Petropolis, by Anya Ulinich. Published 2007 by Viking Adult. Literary Fiction.
Petropolis is a satiric novel about a young woman named Sasha who grows up in a post-Soviet backwater town called Asbestos 2, has a child and emigrates to the United States as a mail-order bride in search of her father, who has abandoned the family. Her travels take her from the southwest to Chicago and finally New York, where she ends up forming her own family- unconventional and unusual, but somehow unmistakeably right.
When I read Ellen Litman's wonderful book of short stories The Last Chicken in America, about Russian-Jewish immigrants in Philadelphia I was reminded of Sasha but Ulinich is comical where Litman is bittersweet. There is a story in Litman's book where the main character, Masha, is working for a religious Jewish family that observes kashrut and expects her to take up the mantle of religious Judaism as they have; Masha's response is tired frustration at their inability to understand that for her being Jewish has never meant wanting to be religious: "It meant classmates calling you names. It meant a line on your passport, schools that would never accept you, jobs you couldn't have. It meant leaflets and threats and a general on TV promising pogroms in May. It meant immigration." In a chapter of Petropolis called "The Captive of the Talmud" Sasha goes to work for a religious family whose idea of charity is imprisoning her in their home and putting her to work as an (unpaid) maid. The mother of the family, Mrs. Tarakan, calls her "honey" but speaks to her with condescension- "It's the Sabbath, sweetie. Jewish people don't work on the Sabbath"- then locks her in the house. Sasha's reactions to expressions of religion are more prosaic than Masha's. "Sasha noticed that all the prayers started with 'Barukh ata Adonai.' She thought about adenoids and long winter colds, the smell of Tiger Blam in stuffy rooms." Both Litman and Ulinich portray Russian Jews alienated from religion and from the Americans who expect them to embrace it, but Litman sticks to realism where Ulinich turns satirical.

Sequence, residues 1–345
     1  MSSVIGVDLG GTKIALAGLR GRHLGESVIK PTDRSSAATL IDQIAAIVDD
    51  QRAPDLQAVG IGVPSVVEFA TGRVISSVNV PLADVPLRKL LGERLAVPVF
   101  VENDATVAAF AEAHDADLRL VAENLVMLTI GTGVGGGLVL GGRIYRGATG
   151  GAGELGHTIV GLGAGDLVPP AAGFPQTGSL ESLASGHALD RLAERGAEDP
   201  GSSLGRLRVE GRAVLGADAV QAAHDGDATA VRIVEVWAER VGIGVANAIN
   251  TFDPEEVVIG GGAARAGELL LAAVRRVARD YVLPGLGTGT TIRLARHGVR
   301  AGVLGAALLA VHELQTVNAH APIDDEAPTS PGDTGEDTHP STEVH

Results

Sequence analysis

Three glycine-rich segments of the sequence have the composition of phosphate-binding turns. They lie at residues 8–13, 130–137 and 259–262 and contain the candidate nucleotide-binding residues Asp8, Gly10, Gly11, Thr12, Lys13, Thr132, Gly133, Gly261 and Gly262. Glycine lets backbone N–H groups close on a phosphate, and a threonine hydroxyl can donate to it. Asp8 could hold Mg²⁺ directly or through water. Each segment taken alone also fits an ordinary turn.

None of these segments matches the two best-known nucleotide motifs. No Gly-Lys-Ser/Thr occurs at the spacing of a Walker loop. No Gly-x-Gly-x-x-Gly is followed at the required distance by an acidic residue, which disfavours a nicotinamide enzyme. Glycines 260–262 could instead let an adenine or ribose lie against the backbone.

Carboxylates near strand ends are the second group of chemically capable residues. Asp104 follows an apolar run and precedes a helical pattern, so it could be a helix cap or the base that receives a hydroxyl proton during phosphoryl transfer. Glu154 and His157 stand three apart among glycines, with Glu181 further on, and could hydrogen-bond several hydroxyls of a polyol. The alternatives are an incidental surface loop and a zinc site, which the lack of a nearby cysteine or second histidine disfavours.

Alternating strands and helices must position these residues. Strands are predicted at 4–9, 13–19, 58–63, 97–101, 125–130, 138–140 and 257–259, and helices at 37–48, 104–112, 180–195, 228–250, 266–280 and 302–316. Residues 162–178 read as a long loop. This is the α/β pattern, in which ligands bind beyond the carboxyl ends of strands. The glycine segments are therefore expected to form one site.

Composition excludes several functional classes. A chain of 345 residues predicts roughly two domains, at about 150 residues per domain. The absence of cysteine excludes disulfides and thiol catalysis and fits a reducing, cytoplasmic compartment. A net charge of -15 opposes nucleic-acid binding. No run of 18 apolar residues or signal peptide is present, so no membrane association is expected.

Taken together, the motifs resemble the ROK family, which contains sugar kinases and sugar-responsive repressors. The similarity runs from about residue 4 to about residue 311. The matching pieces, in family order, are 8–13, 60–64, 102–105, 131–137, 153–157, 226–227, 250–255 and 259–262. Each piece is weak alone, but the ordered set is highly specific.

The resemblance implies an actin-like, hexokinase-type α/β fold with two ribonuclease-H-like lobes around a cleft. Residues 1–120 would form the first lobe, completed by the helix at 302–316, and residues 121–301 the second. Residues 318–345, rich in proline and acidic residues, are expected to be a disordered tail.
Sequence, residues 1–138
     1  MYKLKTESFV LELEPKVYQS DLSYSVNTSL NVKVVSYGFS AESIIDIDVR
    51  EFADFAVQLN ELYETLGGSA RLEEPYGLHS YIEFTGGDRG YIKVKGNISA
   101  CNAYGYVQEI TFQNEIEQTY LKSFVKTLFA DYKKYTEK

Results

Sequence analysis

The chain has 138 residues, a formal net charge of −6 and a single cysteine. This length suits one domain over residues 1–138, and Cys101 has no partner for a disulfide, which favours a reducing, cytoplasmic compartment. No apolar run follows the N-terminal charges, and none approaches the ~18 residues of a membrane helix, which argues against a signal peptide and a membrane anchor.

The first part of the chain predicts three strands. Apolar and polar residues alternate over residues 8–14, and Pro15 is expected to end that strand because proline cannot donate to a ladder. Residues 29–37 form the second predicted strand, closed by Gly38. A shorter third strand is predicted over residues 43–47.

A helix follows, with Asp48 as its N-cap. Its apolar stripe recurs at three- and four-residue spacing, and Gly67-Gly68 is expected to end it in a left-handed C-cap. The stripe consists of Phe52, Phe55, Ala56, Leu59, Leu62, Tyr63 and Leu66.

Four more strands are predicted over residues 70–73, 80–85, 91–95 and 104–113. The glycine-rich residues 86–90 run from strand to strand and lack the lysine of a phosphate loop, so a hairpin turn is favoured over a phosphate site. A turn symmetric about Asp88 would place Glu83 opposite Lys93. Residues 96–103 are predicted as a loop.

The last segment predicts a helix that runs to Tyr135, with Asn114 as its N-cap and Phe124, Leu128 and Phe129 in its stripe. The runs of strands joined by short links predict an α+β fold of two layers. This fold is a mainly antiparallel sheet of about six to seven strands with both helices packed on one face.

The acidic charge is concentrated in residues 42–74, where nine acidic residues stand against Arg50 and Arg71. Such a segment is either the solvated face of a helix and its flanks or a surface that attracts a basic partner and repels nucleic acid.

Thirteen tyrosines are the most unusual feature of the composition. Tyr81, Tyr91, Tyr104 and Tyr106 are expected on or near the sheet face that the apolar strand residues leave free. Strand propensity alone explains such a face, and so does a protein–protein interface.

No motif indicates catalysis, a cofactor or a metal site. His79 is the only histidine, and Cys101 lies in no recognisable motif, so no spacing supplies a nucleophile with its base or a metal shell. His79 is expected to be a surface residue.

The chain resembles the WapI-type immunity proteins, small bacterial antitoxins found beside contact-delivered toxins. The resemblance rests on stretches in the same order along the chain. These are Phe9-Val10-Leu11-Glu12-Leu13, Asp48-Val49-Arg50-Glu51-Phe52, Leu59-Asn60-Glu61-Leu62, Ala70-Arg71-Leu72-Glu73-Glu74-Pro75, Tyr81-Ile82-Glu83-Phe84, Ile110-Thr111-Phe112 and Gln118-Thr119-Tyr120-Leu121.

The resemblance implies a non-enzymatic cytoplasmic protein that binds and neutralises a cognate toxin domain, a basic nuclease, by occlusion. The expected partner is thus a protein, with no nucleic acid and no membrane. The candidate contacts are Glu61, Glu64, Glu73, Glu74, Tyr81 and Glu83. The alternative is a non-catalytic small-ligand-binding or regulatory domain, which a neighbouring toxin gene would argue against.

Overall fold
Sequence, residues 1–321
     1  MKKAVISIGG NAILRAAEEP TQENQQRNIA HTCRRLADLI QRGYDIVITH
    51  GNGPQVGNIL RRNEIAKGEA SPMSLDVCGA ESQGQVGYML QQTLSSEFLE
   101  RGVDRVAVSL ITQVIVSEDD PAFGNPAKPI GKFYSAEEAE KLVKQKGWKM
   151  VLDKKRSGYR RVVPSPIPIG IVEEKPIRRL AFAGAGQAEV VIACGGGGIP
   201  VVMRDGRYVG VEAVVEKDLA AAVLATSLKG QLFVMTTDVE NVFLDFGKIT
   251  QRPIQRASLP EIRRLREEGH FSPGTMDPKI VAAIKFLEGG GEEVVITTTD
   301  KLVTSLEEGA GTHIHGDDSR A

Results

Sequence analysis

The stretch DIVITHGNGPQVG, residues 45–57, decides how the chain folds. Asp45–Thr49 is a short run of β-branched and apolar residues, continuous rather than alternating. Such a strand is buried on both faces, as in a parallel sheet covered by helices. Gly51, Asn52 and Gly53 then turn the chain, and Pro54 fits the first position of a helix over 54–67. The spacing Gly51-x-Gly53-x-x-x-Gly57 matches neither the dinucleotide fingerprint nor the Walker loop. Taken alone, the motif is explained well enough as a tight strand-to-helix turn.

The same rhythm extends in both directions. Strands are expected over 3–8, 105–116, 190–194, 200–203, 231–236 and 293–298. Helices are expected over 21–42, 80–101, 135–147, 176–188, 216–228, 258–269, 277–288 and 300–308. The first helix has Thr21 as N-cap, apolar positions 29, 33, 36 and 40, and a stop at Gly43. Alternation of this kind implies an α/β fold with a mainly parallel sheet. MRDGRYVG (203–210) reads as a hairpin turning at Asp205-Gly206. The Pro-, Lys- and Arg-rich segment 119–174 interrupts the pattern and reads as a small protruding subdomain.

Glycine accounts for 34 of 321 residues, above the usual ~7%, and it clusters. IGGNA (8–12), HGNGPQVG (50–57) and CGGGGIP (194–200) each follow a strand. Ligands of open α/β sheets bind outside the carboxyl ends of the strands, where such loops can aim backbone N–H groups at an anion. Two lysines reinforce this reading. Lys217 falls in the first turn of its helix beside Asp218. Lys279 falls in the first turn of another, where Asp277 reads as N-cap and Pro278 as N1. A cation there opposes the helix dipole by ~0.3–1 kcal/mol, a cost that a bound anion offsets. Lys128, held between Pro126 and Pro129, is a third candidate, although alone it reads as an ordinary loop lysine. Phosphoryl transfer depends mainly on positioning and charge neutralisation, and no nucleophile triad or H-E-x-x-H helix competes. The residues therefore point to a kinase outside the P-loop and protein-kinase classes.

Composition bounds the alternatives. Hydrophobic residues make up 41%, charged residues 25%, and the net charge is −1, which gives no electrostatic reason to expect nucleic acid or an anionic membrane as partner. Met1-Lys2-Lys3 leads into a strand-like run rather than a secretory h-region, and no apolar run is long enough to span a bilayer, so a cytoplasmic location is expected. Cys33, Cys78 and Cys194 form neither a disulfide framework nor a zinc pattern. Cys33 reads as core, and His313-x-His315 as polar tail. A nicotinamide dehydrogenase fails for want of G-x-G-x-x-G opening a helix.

And it's this satiric tone and blase determination that characterizes Sasha's story. As she travels across the country, finding her way from place to place with the help of friends and acquaintances, whatever drama she encounters does nothing to deter her from her mission- finding her father. Her father, Victor, is a biracial Russian Jew who marries Sasha's mother while hospitalized, then escapes to the United States and disappears. Sasha, meanwhile, has to forge a life as best she can with a domineering mother and an absent father, getting along on pluck and opportunism. She feels instinctively that if she can find him, everything will be alright. And in a way, she's right.
Her pluck eventually lands her in New York, where the various elements of her life come together to form something wholly different from what she ever expected. Petropolis isn't as rollicking as Gary Shteyngart's brilliant post-Soviet satire Absurdistan or as understated and grounded as Ellen Litman's book, but it's something in between- it's a solid, funny, page-turning comic novel combining a winning heroine with a plot as meandering as real life. Sasha is smart, brave and real, and once you meet her you'll want to stick around to see how she, and her cavalcade of friends and family, all turn out. Trust me- you'll enjoy the ride.
FTC Disclosure: I did not receive this book for review.